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Home » GeoNotes, Southwest Asia and North Africa

More Great Maps from M. Izady at Gulf 2000

Submitted by on March 5, 2012 – 3:43 pm 13 Comments |  
Middle East Cultural Historical Regions Map by M. IzadyThe fantastic map trove at Columbia University’s Gulf 2000 Project, generated by cartographer M. Izady, continues to expand. Many detailed maps of language, religion, ethnicity, and cultural-historical regions in the greater Middle East are found on the site.

Today’s GeoNote highlights Izady’s map of “Primary Cultural and Historical Zones.” This map makes an invaluable companion for historical sources covering the region. Regional terms, such as Khurasan, Hadramout, and Hijaz are often encountered in such works, but until now it has been impossible to find a single map that indicates their positions.

A few oddities are apparent. Note that the map includes two “Iraqs,” one in modern Iraq and the other in Iran. Although seldom used now, such terminology was once widespread, and I was quite confused when I first read of a Persian “Iraq.” (The etymology of the word is still debated.)

My one complaint about the map is the use of several non-local terms, such as “Piedmont” for part of Kurdistan and “Caspia” for the eastern Caucasus. The term “piedmont” derives from the Italian for “mountain foot,” and is used for several regions of the world situated near the base of a prominent mountain range. It is used here as substitute for indigenous terms meaning the same thing.

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  • http://www.facebook.com/people/James-T-Wilson/682045086 James T. Wilson

    The Iraqs are quite interesting.  I just gave my students some selections from Sidi Ali Reis’s “Mirat-ul-Memalik” and he stays with the Safavid Shah Tahmasp in “Iraq-Adjem” on the way back to Constantinople.  I know that Mesopotamia changed hands between the Ottomans and Safavids a number of times in the sixteenth century, but this Iranian Iraq now makes far more sense in terms of Sidi Ali’s itinerary.

  • http://geocurrents.info Martin W. Lewis

    Many thanks for the anecdote.  I wish that I had had access to this map when reading similar accounts.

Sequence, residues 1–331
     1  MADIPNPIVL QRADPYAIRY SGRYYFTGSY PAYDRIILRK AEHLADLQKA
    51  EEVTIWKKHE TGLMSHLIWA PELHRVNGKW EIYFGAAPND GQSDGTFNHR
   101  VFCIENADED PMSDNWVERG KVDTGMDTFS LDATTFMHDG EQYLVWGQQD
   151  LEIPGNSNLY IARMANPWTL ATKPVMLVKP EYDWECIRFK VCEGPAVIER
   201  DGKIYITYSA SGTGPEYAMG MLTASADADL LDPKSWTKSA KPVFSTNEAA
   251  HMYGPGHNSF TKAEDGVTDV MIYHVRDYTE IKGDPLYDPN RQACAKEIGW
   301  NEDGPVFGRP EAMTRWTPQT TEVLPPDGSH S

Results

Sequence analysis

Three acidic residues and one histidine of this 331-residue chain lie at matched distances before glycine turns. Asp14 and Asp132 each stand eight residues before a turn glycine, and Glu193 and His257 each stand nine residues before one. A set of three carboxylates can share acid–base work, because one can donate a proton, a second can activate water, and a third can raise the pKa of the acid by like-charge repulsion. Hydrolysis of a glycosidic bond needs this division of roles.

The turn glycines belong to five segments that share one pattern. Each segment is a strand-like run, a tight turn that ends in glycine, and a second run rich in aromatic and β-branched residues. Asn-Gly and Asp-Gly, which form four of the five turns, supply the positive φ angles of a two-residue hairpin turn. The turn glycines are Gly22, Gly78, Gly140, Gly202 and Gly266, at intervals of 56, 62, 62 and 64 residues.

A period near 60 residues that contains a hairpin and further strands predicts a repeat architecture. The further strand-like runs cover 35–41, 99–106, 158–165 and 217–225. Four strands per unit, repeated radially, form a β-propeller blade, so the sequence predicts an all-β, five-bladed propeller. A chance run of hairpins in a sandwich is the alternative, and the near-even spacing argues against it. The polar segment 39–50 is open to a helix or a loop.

• Azadsarv

    there is a huge Fallacy which is recorded intentionally or unintentionally in the picture and that is the name of ” Khalij” . regarding to the meaning, ” khalij ” means ” Gulf ” but officially, historically, morally and scientifically , “PERSIAN GULF” is the true name of that body of water.please fix it.

    • Zedster48

      These maps are made by Jews to destabilize the region; there are many inaccuracies.  If you check the Facebook page “Tehran Bureau (PBS)” you will find that they are funded by the same Jewish Foundations that sponsor the David Horowitz anti-Iran and anti-Muslim group.   That’s the link I followed to get here. Pure Zionist bullshit. 

    • Sundial2011

      The map correctly indicates “Persian Gulf” as “Persian Gulf.” So no problems there. What confuses you is that the term “Gulf/Khalij” refers to the combination of the Persian Gulf, Gulf of Oman and northwest Arabian Sea—the trio that according to this map make up the cultural division of the “Khalij.” People there call themselves the “Khalijis” not “Khalij Farsis”!

    • http://profile.yahoo.com/SDOEB4QATZ7A25ZG3IN5SZFYQU Mesopotamian

       This Gulf got many names across the history, Persian gulf is just one of them. Other names were: Sumer Gulf, Basrah Gulf, Arabian Gulf, Ajem Gulf, Iran Gulf… etc
      Now adays the Iranis and many western media use the name Persian Gulf, while Arabs and other Western media use the name Arabian Gulf.
      I really hope that one day the gulf would gate a neutral name.

      • Clarence

        Not true. It is just muddying historical facts in order to make a case for changing the old name. The Gulf was NEVER called “Sumerian Gulf”or “Ajem Gulf” or “Arabian Gulf”. In 1935 when Persia changed its name to Iran, German map makers thoughtlessly switched the name from Persian Gulf to Gulf of Iran. But that did not stick. The Ottomans called the body of water the Gulf of Basrah, that is true, but no one else.  

        Today, we have Gulf of Kuwait, Gulf of Bahrain, Gulf of Oman and an Arabian Sea. And yet, you don’t see fit that the great big Persia/Iran  have a gulf named after it because…… Arabs want even more?

  • Sundial2011

    There is a newer version of this map posted on Gulf 2000 site, containing more detail

    • http://www.pereltsvaig.com Asya Pereltsvaig

      Thanks for drawing our attention to it.

      • Sundial2011

        so how come the older version still lingers in here??

        • http://www.pereltsvaig.com Asya Pereltsvaig

          We don’t update old posts.

          • Dan

            Why? Is it something religious? You mean you prefer not to continue enlightening your readers because of some ‘tradition’? That is non scientific and rather prosaic bureaucracy. Change it NOW as a service to the enlightening of your readers

          • http://www.pereltsvaig.com Asya Pereltsvaig

            Not “religious”, not “tradition” and not “bureaucracy”. But with over 600 posts, we can’t keep updating old ones. If the topic seems interesting and worthy of further consideration to us, we often go back to it and write another post or revise our own maps (as is the case with our language maps of the Caucasus, the 4.0 version of which will soon be published), but we don’t go back just to link to somebody’s newer version of the map. Since you’ve pointed out that a newer version exists, interested readers can look it up.

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